Church Visits

Visiting Churches: Chris Thompson (stainedglass) is an amateur Alaskan biblical scholar and student of religion, especially as it relates to popular culture. He regularly attends national and regional American Academy of Religion and Society of Biblical Literature events to interact with and learn from worldwide religion scholars. Through unannounced mystery visits to churches in Anchorage and South-Central Alaska, he observes how guests (visitors) are treated during this initial church visit. Research indicates guests first visit perceptions affects further spiritual growth and religious attitudes as they search for a church home. Chris' church visits focus primarily on Christian churches. This blog contains accounts of those visits, and related posts about religion in culture. Chris looks for the following in his visits:

•Genuine welcome, true Christian hospitality

•Friendliness and warmth

•Effective, well-delivered, Bible-based, main teaching

•Music deepening the worship, not just entertainment

Google map of churches Chris Thompson has visited.

Follow my Church Visits posts on Twitter

Chris Thompson’s email: churchvisits@gmail.com

Significant 2013 Church Visits Posts

Top Ten Issues Local Churches Must Address in 2013

Ten Things Churches Did That Blew Me Away In 2012

Guest Post: Why Theology Matters to Musicians

Church Visits: Easter asks for our joy, not our spending - 4/19/2014 1:17 pm

Church Visits: What do millennials look for in worship? - 4/11/2014 10:29 pm

Church Visits: Visits to 2 churches leave 2 different impressions - 4/4/2014 9:19 pm

Church Visits: Research underscores deeper church attendance issues - 3/28/2014 9:19 pm

Church Visits: It's time we get back to observing the Sabbath - 3/21/2014 8:30 pm

Church Visits: Look deeper into Lent than just 'give-ups' - 3/14/2014 10:37 pm

First Congregational Church Revisit: Not Bad - Room to Grow - 3/14/2014 11:23 am

Church Visits: Pastors mark start of Lent by taking ashes to the people - 3/8/2014 10:56 am

4th Advent 2013 – Anchorage Presbyterian Fellowship – Disappointing Visit

Earlier in 2013, I experienced an encouraging visit to Anchorage Presbyterian Fellowship, a breakaway group from one of Anchorages major churches, posting that visit HERE. I revisited APF on 4th Advent 2013, December 22, as I always emphasize visiting Advent observing churches during December.Candles at APF - 4th Advent 2013Candles at APF - 4th Advent 2013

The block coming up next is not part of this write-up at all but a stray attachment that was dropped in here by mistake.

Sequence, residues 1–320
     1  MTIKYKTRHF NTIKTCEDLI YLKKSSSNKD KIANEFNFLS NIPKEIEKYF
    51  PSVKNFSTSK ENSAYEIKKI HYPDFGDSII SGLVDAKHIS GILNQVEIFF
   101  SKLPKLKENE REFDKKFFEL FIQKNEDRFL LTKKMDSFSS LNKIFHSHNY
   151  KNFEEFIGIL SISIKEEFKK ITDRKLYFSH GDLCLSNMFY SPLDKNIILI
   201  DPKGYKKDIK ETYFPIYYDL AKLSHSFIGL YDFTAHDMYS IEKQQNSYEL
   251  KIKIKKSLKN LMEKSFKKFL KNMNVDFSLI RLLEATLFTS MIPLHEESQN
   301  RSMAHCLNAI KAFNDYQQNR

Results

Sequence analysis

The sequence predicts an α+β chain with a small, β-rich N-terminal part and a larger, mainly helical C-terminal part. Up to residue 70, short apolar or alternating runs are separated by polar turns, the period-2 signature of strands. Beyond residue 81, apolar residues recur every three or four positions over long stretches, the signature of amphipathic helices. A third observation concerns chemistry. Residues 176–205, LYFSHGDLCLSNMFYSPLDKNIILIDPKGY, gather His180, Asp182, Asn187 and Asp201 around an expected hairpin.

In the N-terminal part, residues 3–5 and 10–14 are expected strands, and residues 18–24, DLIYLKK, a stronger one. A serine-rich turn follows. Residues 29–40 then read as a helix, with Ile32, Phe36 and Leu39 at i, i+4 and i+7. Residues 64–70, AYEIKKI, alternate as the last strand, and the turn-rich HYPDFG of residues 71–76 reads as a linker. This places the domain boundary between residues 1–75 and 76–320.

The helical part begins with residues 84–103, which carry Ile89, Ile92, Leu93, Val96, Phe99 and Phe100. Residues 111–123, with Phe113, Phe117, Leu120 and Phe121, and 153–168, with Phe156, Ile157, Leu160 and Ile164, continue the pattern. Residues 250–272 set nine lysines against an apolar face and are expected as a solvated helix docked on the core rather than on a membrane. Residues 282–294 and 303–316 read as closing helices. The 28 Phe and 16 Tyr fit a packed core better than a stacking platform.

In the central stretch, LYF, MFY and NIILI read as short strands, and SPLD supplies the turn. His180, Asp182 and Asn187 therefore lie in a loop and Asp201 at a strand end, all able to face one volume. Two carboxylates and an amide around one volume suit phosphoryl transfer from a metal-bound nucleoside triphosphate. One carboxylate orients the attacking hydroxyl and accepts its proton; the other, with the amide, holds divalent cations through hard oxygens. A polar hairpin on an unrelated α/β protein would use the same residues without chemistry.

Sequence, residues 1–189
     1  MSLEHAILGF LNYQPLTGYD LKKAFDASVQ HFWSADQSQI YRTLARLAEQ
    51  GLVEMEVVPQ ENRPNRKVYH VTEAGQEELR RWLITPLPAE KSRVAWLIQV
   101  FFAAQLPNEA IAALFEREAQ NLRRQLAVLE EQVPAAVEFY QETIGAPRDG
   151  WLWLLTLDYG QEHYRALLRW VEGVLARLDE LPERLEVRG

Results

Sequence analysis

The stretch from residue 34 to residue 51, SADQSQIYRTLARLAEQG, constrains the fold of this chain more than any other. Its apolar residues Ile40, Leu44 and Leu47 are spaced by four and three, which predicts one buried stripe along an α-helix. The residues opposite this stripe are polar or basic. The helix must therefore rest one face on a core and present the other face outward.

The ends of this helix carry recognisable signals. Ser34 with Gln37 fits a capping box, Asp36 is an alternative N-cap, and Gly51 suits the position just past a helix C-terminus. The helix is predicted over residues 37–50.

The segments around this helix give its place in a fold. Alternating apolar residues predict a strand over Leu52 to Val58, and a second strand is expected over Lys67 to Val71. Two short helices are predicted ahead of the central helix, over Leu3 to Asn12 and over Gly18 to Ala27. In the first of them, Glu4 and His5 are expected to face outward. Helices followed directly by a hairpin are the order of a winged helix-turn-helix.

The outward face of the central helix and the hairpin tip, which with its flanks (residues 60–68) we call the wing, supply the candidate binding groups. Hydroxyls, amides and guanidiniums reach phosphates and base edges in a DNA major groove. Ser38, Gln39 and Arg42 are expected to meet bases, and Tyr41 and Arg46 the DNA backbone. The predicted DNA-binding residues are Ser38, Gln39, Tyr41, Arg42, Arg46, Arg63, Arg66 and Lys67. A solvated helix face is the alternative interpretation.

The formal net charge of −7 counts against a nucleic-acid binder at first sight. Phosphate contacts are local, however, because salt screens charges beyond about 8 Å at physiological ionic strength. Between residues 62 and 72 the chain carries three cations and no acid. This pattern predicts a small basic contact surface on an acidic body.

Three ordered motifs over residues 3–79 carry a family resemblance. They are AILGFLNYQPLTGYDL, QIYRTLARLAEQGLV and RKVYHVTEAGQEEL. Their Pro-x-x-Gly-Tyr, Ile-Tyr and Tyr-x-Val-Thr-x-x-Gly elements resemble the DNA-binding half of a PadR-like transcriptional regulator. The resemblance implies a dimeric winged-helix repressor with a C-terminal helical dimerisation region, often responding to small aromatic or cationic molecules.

Still meeting at UAA, APF had moved to a larger recital hall, but the group appeared to be about the same size. This time no one greeted me, so I picked up a bulletin, and walked inside. To get to my seat I walked across the front of the hall, in full sight of everyone present, taking a seat on the right side. I joined in and experienced AFP’s worship service. All five Advent candles were already lit. Surprisingly, nothing was said about any of them or the significance of 4th Advent. For a former Advent –observing group, it was a bit of a shock to discover they’d dropped the Advent emphasis. They also appeared to have dropped use of the lectionary, the chronicle of Biblical texts and observations used throughout the church year.Pastor Dave Bacher PreachingPastor Dave Bacher Preaching

The preacher that day was Rev Dave Bacher, one of ChangePoint’s ministerial staff. He delivered a fine sermon on the Parable of the Sower as described in Mark 4:1-20, titled “Four Types of People”. Although it was an excellent sermon, it did not tie to Advent in any way. Dave has been one of a number of visiting pastors APF has been using as interim preachers during their pastoral search. They were fortunate in assembling a number of good ones from various pastoral backgrounds and religions which appear to have served them well.

However, emanating from a major Anchorage church, APF members appears to have brought some of the same problems with them I formerly observed and blogged about, especially unfriendliness to guests. Their old church never demonstrated warmth or hospitality to me during any of my many previous visits. Churches that are warm and welcoming to guests generally have a track record of fast growth. This may be why it appeared the same number of worshipers were present during my 2nd visit to APF.

I hope their new pastor focuses on what makes a church outstanding and help APF members understand the value of extending oneself personally to guests as a church growth strategy.

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